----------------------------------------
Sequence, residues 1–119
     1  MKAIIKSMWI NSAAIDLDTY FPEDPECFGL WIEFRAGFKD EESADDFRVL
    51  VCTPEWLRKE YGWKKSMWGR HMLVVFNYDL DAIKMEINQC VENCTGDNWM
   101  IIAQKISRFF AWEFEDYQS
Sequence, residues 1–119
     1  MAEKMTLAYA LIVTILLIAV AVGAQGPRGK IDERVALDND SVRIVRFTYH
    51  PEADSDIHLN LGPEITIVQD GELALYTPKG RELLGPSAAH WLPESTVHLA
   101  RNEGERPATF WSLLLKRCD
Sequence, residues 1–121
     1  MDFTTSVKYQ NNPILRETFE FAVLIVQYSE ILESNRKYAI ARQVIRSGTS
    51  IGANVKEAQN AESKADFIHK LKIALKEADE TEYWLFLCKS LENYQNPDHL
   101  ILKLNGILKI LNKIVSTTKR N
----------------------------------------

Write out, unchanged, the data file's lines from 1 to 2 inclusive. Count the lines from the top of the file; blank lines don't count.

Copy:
Sequence, residues 1–119
     1  MKAIIKSMWI NSAAIDLDTY FPEDPECFGL WIEFRAGFKD EESADDFRVL